Microbiology, Immunology & Infectious Diseases
Professor, Department of Microbiology, Immunology & Infectious DiseasesMicrobiology, Immunology & Infectious Diseases (MIID) Member, Diabetes & Endocrine Research Group Associate Member, Immunology Research Group Chair, Julia McFarlane Diabetes Research Centre Address: Health Research Innovation Centre Phone: (403) 220-8735 Fax: (403) 210-8862 Email: email@example.com
Potential Graduate Supervisor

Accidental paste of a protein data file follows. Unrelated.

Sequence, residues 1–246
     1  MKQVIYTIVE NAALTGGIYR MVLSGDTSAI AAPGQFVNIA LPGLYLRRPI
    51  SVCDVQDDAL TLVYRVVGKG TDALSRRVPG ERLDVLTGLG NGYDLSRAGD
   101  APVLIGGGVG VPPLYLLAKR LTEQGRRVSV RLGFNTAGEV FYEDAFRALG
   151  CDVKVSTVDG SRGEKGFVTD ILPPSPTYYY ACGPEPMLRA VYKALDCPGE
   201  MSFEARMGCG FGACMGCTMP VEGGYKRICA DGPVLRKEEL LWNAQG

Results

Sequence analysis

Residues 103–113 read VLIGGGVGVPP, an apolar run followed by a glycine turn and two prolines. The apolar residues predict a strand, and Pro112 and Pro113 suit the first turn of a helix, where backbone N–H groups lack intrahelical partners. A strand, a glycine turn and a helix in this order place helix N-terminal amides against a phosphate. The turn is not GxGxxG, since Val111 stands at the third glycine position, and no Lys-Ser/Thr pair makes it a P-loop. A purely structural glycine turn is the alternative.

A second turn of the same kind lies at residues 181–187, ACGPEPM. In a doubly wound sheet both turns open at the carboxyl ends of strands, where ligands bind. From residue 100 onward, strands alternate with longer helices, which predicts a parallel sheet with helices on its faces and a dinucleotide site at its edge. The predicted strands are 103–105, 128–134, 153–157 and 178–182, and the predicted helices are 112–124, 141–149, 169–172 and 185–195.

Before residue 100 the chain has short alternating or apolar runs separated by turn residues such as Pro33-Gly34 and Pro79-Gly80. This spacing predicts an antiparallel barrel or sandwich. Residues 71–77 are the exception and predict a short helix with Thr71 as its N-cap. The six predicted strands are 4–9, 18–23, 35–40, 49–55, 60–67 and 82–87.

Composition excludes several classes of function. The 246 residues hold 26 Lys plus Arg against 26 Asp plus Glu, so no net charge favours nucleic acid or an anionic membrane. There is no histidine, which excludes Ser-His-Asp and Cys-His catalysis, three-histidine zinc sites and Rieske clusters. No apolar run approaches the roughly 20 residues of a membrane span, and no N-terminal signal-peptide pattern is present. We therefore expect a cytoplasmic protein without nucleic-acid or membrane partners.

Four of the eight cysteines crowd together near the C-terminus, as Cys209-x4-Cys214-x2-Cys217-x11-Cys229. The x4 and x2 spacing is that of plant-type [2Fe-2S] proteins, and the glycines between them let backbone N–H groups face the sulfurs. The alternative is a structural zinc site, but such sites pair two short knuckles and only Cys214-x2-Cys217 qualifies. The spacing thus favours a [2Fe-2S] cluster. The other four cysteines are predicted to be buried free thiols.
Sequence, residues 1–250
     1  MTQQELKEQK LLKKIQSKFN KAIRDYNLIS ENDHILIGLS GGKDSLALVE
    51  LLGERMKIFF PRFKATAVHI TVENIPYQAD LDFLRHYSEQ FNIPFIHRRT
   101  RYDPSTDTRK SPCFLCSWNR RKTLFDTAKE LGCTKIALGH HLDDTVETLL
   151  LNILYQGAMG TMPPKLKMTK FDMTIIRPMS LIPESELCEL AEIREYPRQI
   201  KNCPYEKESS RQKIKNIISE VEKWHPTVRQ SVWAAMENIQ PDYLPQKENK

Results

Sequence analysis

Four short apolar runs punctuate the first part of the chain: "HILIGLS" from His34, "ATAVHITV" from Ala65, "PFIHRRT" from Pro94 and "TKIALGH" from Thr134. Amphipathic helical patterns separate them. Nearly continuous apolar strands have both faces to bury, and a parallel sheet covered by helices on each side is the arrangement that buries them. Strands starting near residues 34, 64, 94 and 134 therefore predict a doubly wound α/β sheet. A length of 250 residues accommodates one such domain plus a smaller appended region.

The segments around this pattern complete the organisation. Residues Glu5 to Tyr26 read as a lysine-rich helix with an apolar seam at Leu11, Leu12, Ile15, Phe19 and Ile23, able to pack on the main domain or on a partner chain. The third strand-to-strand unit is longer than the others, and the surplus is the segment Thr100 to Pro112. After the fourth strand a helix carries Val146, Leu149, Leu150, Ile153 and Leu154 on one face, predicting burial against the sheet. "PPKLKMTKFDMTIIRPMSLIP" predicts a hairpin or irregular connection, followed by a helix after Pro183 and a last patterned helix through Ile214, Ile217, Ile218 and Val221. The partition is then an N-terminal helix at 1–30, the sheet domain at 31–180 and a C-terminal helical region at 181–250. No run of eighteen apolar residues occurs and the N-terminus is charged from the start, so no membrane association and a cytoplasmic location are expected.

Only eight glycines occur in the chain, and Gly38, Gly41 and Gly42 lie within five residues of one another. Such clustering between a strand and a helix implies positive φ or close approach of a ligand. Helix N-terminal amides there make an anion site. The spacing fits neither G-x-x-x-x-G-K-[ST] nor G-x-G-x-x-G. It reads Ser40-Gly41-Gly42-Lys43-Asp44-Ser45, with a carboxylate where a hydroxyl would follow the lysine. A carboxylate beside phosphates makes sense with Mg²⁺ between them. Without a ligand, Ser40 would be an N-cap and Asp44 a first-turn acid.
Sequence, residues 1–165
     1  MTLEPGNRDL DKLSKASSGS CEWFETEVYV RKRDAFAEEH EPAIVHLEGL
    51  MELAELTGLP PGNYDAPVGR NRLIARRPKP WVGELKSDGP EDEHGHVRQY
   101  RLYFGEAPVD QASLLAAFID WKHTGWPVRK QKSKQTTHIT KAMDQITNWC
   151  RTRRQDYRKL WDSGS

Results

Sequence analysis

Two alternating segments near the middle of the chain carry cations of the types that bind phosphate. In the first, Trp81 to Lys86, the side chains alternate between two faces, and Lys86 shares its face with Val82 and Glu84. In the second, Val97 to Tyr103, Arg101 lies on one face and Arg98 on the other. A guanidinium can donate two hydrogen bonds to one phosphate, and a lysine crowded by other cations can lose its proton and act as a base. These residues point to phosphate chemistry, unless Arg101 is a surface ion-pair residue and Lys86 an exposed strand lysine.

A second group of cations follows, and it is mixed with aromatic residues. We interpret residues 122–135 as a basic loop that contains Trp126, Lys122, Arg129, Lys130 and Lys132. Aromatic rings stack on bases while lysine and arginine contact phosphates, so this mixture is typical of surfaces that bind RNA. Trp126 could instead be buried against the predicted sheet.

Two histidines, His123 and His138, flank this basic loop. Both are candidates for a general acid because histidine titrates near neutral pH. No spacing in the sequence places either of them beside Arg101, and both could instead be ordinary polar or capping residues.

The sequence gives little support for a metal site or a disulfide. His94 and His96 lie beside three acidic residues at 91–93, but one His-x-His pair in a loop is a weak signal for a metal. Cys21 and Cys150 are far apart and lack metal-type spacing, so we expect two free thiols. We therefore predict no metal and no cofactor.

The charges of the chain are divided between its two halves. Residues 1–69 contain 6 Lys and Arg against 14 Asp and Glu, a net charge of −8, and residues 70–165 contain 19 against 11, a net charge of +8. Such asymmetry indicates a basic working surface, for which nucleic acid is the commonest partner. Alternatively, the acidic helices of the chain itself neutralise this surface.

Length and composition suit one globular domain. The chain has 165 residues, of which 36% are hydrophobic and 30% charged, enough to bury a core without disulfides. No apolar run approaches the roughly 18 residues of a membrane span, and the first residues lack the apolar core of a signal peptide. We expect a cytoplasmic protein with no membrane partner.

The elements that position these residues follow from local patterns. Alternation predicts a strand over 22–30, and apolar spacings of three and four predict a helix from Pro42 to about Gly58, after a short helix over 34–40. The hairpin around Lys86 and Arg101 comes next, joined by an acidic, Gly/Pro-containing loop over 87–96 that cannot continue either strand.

Insulin-dependent diabetes mellitus (IDDM) results from a complex CD4+ and CD8+ T-cell-dependent autoimmune process directed against the insulin-producing beta cells of the pancreas. The mechanisms of beta cell destruction in IDDM and the mechanisms underlying the genetic predisposition and resistance to this autoimmune disease are issues of fundamental importance that remain unsolved. Research in my laboratory focuses on attempting to elucidate how, when and where diabetogenic T-cells differentiate into effector cells in vivo , to define the precise mechanisms through which they kill beta cells in the course of spontaneous disease, and to define the mechanisms of action of protective genes. With these objectives in mind, my laboratory has engineered nonobese diabetic mice (which develop a form of diabetes similar to human IDDM) to have immune systems in which virtual all T-cells are beta cell killers [transgenic nonobese diabetic (NOD) mice expressing the T-cell receptor (TCR) alpha and/or beta gene rearrangements of beta cell-specific CD4+ and CD8+ T-cell clones isolated from the pancreatic islets of NOD mice (4.1-NOD and 8.3-NOD mice, respectively)]. Since most of the T-cells maturing in these mice are beta cell-reactive, we can use these mice to investigate the effects of genes of interest (naturally occurring variants and altered forms of naturally-occurring variants) on the biology and disease-causing potential of diabetogenic T-cells. In the end, our wish is to help define potential targets for therapeutic intervention in human autoimmune diabetes.